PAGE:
Options for avoiding course design pitfalls – one at a time

Faculty Focus highlights five potential pitfalls of online course design. Let’s jump to Pitfall #3 Insist on being the “sage on the stage.” and some initial ideas for avoidance in a hybrid course format. The key here is for the instructor not to be central stage and dominate content delivery. In a hybrid course my colleague and I are redesigning from an established f2f version, we’re moving away from three 50-minute lectures each week to ~10 minute microlectures which will be augmented with a variety of other content types such as animations and videos. There also will be followup discussion of that content both online and f2f, among all class participants. Students will interact with each other as much, perhaps even more, than with the instructor. Furthermore, we anticipate students with diverse backgrounds, thus the experiences they bring to the class will be valuable contributions.

Print Friendly, PDF & Email
This entry was posted in Hybrid Course Design and tagged , . Bookmark the permalink.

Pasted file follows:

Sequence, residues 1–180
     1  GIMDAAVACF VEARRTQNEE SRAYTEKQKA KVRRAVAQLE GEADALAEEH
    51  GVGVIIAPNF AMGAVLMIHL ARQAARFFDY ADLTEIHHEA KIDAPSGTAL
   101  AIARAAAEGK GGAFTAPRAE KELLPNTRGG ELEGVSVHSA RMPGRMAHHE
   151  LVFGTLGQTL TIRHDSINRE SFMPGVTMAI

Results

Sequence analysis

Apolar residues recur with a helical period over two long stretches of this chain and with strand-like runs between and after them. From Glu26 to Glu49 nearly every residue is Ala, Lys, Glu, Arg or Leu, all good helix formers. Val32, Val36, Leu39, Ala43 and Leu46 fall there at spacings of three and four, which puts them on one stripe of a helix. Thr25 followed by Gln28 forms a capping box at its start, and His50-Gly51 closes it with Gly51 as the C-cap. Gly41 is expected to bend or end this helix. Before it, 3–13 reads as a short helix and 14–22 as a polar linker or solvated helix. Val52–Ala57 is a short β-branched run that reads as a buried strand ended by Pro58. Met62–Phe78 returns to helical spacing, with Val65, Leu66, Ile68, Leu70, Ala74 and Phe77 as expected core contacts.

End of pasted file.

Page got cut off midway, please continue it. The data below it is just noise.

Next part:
2 Responses to Options for avoiding course design pitfalls – one at a time

  1. bernells says:

    I like the idea of the 10 minute mini lectures, but I wonder how often this will need updating. In our health policy classes, I have found that the PowerPoint voiced over lectures by some faculty are outdated (Even in the span of 2 years.) As a result, the material needs to be updated quite often. As a way to avoid these problems I am trying to find current videos developed by reputable sources to substitute for faculty lectures.

    • halletts says:

      To avoid, or at least minimize later editing, the mini-lectures will comprise primarily foundational/established content that is unlikely to change much. However, if our knowledge base does change, we can draw student’s attention to those updates on an overview page (which is something I already do), and those changes/advances can readily become discussion points!

Leave a Reply

Your email address will not be published. Required fields are marked *